Laurie Saurborn Young is a poet, writer and photographer. She is the author of Carnavoria, a book of poems, published by H_NGM_N BKS. She holds an MFA in poetry from the low-residency program at Warren Wilson College and studied in the Program for Poets and Writers at UMASS-Amherst.
Her poem "Draught" appears in Issue Thirty-Six of The Collagist.
Here, Laurie Saurborn Young talks to interviewer Elizabeth Deanna Morris about a noiseless sound, refrain, and fantasies of rain.
1. How did you end up writing this poem?
“Draught” was the product of cabin fever and fantasies of rain, during a long, hot Texas summer. There are no day trips out of the heat—no way to escape—so I spent much of those four months inside. It’s like deep winter but in a bright and sunny hell. Rain was a memory. What it sounded like on the roof, I no longer knew. All I could hear were bells. Though that may have been an air-conditioning-induced hallucination.
As well, the poem is about dreaming—it could be read as an Ode to Dreams I Would Rather Have. Most of my dreams are about falling from nervous heights. I’d rather dream about Nietzsche and rabbits and leaves. And water.
2. The line “I dream I am the sound of a hand / pulling a bell” is particularly poignant to me in this poem, because it’s the first time that we encounter isolation that follows. To dream that one is a sound (a wave in the air, something from something else), and a quiet sound at that (not the bell, but the hand, pulling), is so far from what we’d obviously think when imagining a hand pulling a bell, that its loneliness resonates. Could you talk more about this isolation?
Good question. Perhaps I was considering how we are not only what we perceive ourselves to be composed of (the bell, the pulling), but also the singular elements often overlooked (the hand that creates the ringing, and the life of that hand). The sound the hand pulling the bell makes—inaudible to us, but not to a more highly attuned animal—exists at the same time as the noise of the ringing. It’s not dependent upon our perception.
By the end of the poem, these isolated particulars become their own operatives. Here, sound can cause a direct action, one we would normally reserve for a hand and arm—pulling the bell.
And sleep is a generous isolation. Although many people share the experience of dreaming, dreams create worlds we each process on our own.
3. You repeat the line, “Much happens every day until it disappears” once after it opens the poem. How do you think this line works the second time around?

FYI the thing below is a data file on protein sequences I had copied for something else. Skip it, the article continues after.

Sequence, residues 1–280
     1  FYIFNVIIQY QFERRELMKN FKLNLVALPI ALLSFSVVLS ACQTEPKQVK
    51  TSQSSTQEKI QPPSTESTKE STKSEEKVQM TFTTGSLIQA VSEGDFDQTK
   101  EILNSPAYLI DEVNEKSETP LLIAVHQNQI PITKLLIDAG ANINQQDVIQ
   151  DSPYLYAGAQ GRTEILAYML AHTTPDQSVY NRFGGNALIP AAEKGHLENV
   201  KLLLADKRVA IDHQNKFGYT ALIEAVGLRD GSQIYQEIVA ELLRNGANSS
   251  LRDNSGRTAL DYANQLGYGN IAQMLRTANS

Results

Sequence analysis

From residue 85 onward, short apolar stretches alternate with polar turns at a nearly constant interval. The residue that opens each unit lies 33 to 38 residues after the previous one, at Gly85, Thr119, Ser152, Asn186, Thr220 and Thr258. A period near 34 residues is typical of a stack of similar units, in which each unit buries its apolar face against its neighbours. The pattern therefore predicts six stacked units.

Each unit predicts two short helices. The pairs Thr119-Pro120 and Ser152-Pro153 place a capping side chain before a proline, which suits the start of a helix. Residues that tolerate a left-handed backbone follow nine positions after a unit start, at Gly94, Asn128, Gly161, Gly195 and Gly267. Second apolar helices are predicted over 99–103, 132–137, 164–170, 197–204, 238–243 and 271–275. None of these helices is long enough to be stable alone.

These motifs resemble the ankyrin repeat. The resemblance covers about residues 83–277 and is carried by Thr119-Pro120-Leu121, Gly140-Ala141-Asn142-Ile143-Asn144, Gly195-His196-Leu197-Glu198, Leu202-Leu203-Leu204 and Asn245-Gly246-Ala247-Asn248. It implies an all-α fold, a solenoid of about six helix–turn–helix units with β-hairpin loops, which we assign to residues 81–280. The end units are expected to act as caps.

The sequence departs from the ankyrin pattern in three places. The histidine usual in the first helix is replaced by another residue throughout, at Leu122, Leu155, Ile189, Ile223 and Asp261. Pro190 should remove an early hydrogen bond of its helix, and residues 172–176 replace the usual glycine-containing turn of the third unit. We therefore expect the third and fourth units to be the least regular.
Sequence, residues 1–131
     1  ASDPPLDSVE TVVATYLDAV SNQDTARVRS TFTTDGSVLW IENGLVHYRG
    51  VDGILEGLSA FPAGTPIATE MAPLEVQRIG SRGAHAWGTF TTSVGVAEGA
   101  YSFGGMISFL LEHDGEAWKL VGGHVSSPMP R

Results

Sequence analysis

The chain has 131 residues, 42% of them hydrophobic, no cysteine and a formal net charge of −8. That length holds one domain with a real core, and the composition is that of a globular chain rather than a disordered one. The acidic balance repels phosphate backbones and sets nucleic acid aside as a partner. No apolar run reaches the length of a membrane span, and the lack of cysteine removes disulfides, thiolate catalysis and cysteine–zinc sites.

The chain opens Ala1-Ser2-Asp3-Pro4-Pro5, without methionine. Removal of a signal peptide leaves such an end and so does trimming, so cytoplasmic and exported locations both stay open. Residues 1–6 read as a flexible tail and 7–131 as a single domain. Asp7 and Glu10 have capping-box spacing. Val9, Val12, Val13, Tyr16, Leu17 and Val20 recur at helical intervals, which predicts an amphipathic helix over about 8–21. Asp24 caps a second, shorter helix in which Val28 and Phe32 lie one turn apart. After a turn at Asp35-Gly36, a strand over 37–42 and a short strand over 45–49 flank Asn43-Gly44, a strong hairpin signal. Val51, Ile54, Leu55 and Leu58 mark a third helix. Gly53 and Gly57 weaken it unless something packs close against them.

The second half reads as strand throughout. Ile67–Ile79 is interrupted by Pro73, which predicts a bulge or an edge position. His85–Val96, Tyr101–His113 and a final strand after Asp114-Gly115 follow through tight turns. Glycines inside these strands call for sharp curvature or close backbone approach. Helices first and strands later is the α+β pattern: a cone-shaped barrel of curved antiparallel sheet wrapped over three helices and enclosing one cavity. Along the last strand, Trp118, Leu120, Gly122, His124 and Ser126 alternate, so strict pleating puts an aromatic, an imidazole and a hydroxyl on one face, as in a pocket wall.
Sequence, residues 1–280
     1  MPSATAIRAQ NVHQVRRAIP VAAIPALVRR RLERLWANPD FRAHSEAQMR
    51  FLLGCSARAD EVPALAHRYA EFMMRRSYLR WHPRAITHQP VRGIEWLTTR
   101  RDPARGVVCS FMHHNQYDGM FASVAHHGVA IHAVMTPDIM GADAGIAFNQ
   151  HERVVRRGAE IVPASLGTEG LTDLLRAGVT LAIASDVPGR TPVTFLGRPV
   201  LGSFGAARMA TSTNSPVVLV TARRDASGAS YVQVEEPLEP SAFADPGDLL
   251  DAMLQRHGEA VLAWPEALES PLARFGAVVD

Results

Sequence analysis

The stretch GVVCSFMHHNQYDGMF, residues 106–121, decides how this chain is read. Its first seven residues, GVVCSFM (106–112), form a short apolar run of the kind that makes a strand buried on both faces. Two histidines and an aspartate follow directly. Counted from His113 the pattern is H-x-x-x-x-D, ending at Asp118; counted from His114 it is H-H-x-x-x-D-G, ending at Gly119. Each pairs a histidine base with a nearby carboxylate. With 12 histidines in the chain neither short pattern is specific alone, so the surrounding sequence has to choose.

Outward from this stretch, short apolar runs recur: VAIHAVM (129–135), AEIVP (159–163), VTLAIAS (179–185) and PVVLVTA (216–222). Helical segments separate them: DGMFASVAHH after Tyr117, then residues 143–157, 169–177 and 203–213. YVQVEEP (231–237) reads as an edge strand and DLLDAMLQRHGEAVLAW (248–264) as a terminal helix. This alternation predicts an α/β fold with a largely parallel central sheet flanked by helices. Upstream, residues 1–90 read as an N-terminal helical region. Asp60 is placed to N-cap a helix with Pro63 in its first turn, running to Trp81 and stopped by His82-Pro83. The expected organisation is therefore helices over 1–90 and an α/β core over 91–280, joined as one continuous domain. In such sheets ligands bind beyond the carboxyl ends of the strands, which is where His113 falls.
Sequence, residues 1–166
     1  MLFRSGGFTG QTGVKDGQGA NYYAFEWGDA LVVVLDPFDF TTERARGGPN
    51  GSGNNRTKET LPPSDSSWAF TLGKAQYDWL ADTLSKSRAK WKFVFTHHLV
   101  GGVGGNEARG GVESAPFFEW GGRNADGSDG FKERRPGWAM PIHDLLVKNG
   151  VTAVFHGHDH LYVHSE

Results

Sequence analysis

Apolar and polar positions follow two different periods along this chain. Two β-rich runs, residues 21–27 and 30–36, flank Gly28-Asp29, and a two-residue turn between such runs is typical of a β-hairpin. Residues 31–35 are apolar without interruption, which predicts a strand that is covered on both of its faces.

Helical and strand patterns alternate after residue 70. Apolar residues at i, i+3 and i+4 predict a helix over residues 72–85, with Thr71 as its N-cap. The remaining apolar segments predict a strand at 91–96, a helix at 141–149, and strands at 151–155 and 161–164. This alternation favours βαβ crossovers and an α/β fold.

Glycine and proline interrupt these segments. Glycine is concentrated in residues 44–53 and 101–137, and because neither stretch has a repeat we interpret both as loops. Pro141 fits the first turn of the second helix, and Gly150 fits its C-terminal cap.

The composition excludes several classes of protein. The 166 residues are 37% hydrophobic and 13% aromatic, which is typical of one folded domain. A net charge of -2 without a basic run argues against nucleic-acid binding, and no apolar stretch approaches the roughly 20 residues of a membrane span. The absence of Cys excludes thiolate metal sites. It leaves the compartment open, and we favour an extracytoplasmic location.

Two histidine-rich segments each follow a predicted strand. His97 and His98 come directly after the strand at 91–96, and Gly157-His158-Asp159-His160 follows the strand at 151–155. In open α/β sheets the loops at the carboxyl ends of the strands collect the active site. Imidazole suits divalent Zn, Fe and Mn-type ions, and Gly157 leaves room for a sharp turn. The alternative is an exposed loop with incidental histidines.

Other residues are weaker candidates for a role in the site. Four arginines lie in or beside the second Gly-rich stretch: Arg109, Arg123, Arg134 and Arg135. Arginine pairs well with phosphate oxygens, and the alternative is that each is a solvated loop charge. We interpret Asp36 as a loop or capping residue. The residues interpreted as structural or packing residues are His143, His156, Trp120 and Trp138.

Repeating, “Much happens every day” makes it both crystalline and common. In the poem I feel it operates not simply as a soothing refrain, but as a method of marking subtle shifts in the perception of time.
The first time, the line is: “Much happens every day until it disappears.”
The second time, the line is slightly different: “Much happens every / day and then it disappears.”
“Until” implies an unchangeable change—an interruption—has occurred. “Until” is the Big Bang.
“And then” holds some promise, realized or not, that there is a possibility of passing back and forth between states—times, places, ways of being in the world. “And then” is a line of begets. It’s also a way to remind oneself that even if the tragic hinge of “Until” appears, time passes and a new string of “And then” begins.
I feel certain that while working on this poem, in my subconscious lurked two lines:
In Lawrence Raab’s poem, “My Soul is a Light Housekeeper,” the speaker says, “On almost every day / nothing happens.” This “nothing” is my speaker’s “much.” I don’t think they contradict one another.
And as Éluard said, “There is another world, but it is in this one.” Where the sound of a bell can pull the bell.
4. Have you devoured any good books lately (or mulled over one for a long period of time?
Devoured, yes. I have to force myself to mull.
Virginia Woolf’s On Fiction and On Being Ill
Roberto Bolaño’s The Insufferable Gaucho
Robert Walser’s Berlin Stories
Jac Jemc’s My Only Wife
Maggie Nelson’s Jane (a murder)
Lydia Davis’s The Cows
Bruno Munari’s Design as Art
The Collected Stories of Leonard Michaels
As far as poetry goes, I just read Jenny Browne’s The Second Reason, Betsy Wheeler’s Loud Dreaming in a Quiet Room, and Charles Simic’s Jackstraws.
5. What else have you been writing recently?
This summer, I’ve been very lucky to have time to focus on a variety of writing projects: a poetry manuscript, a couple of short fiction stories, and several creative non-fiction/memoir pieces.